Howard has had firsthand experience when it comes to sales. He was Digitel’s Vice President for Sales and Distribution and Integrated Carrier Services back in 2009 and was a Senior Manager of Sun Cellular’s Dealer Sales in 2005 and 2006.

At one point, he left the corporate world to focus on the sale of—believe it or not—live hermit crabs. He and his wife, Sheila Osmeña Go, had a thriving pet shop business called Lucky Hermits, with outlets at Robinsons Ermita and other large malls.

But later, it became very difficult because people put up carts right outside the malls where we had shops, and sold the hermit crabs at a much cheaper price, so it became much less profitable for us and not worth it at some point,” says Howard.

“I sometimes tell people, and I say this with pride, ‘I’m a jack-of-all-trades, and a master of none.’ I’ve taken on many roles across multiple industries. In Sun Cellular, I did sales, admin, marketing, revenue assurance, carrier business, and innovation. All of those gave me different views of the whole company and an appreciation of what each department has to deal with and has to do to get things done,” he says.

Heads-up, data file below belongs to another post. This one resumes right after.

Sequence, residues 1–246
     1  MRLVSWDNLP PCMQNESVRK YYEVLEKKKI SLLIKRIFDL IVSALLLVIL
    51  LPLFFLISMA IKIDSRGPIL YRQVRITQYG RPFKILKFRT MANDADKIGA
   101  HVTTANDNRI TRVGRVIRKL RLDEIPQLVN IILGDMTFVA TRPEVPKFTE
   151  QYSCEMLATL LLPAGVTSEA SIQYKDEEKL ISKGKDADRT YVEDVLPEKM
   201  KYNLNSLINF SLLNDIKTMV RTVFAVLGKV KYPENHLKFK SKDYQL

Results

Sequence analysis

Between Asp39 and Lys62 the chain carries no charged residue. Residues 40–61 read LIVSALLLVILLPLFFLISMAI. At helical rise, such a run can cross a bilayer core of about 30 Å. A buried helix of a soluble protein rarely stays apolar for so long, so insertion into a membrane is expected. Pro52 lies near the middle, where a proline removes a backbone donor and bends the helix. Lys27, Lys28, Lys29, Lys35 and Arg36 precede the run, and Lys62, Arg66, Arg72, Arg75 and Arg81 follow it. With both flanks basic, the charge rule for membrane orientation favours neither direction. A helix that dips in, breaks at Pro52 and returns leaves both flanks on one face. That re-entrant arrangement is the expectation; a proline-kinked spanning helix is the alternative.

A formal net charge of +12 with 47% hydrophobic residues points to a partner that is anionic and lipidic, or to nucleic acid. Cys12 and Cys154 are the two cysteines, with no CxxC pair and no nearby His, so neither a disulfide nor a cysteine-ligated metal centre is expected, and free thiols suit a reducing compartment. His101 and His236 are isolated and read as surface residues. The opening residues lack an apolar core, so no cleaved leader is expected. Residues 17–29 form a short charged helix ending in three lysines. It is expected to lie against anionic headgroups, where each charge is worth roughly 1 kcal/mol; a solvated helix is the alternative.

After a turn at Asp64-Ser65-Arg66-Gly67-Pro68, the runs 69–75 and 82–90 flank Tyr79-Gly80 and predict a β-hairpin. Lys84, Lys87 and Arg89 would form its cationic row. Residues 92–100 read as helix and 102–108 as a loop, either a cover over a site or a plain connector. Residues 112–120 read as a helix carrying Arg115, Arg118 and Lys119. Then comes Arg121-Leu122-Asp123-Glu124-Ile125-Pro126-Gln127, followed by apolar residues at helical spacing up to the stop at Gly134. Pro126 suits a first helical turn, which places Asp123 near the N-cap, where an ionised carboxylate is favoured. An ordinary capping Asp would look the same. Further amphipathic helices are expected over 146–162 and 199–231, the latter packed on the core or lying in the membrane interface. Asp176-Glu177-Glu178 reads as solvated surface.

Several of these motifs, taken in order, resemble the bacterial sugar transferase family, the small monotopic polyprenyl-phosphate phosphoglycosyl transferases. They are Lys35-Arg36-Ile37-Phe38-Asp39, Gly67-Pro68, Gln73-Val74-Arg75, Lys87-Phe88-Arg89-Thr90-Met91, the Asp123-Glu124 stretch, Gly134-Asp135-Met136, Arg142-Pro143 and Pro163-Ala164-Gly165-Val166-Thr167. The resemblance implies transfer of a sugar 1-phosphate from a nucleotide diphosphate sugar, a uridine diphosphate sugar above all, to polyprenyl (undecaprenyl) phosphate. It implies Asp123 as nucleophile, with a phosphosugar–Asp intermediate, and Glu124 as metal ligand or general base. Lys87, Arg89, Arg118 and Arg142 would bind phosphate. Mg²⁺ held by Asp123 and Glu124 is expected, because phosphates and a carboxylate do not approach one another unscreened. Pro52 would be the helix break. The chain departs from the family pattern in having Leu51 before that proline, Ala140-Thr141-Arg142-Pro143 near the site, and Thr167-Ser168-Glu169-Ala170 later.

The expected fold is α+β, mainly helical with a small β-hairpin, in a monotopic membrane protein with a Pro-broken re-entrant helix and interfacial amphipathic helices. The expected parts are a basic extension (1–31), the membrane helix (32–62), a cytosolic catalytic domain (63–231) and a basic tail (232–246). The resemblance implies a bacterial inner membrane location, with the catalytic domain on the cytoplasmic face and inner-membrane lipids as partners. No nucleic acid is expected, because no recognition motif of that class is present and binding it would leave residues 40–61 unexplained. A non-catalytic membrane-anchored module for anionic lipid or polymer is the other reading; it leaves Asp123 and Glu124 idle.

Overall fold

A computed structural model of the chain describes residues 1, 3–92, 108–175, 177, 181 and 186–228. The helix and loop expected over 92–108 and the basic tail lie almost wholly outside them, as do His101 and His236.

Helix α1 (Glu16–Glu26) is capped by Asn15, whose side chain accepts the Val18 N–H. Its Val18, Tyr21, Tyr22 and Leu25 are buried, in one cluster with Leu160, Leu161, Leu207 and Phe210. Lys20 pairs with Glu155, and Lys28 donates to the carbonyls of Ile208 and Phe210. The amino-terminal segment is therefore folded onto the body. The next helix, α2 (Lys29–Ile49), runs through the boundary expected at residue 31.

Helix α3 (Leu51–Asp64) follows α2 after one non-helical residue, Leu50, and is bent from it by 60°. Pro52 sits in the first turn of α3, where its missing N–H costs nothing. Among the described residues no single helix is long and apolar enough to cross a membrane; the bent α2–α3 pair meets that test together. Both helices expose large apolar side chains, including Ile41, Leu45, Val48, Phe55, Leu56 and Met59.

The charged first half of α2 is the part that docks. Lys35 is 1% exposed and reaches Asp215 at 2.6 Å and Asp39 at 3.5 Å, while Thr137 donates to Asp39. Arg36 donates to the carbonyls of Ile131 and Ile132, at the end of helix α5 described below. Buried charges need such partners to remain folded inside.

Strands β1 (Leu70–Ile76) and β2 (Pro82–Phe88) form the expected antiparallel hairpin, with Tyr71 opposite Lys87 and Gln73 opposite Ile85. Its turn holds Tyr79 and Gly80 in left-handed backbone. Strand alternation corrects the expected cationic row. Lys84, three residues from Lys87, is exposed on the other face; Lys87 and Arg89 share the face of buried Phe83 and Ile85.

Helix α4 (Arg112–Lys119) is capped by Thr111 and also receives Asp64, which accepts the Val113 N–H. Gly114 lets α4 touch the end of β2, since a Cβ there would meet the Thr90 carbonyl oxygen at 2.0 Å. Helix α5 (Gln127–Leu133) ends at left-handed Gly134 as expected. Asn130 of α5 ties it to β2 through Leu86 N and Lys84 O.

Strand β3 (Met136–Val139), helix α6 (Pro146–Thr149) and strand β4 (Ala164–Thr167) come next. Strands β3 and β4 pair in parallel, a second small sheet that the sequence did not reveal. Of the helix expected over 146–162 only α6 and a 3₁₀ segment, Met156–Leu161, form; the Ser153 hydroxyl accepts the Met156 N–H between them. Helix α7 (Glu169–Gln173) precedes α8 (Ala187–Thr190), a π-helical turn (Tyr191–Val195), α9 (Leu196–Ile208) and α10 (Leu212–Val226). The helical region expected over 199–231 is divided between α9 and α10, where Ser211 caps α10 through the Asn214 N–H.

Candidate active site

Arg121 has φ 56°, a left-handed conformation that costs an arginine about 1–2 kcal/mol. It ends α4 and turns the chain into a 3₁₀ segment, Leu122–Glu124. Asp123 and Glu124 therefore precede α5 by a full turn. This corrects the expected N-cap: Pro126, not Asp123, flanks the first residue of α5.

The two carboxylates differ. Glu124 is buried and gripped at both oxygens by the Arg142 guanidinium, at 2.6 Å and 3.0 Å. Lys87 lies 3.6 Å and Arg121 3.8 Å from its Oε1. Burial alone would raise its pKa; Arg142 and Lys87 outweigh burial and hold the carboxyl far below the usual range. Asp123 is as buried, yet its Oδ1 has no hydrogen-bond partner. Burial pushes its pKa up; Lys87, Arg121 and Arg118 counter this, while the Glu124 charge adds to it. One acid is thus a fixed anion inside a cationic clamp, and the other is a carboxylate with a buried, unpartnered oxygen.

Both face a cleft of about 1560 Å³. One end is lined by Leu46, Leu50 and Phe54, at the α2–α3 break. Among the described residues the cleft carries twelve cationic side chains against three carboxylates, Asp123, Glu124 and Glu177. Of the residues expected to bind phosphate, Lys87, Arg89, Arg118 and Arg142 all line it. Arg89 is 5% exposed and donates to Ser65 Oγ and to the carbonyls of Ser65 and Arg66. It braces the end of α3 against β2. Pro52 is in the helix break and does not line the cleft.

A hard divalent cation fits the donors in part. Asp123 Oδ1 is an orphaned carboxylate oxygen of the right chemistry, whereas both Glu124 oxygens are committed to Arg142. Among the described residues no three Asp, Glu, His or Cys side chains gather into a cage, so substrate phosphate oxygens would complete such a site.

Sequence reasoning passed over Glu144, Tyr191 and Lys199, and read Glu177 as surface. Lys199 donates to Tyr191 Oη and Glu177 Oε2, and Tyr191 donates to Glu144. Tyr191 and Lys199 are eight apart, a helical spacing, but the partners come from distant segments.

“Back then, I could talk to network engineers and challenge them on what they claimed the cell sites could and should do. With my revenue assurance team, we developed a data analytics report that became a staple in our ManCom. When I was with MochiBits, I initially focused on game design and eventually also handled the business development and part of the game development. This allowed me to understand the challenges of merging the two loyalty programs in DAVI and arriving at a way forward.

“According to the Gallup StrengthsFinder, my strengths are connectedness, input, learner, intellection, and ideation. It’s almost all on the strategic side, and then there’s the connecting of people, ideas, and events, which I use a lot to get a grasp of all the moving parts, which include people,” he says. “There’s a risk of over-thinking things for me, so I try to push myself by giving deadlines to my decisions. I also like working with people who are great at executing and influencing since these are not my strengths and working with them helps me overcome the risk of analysis paralysis.”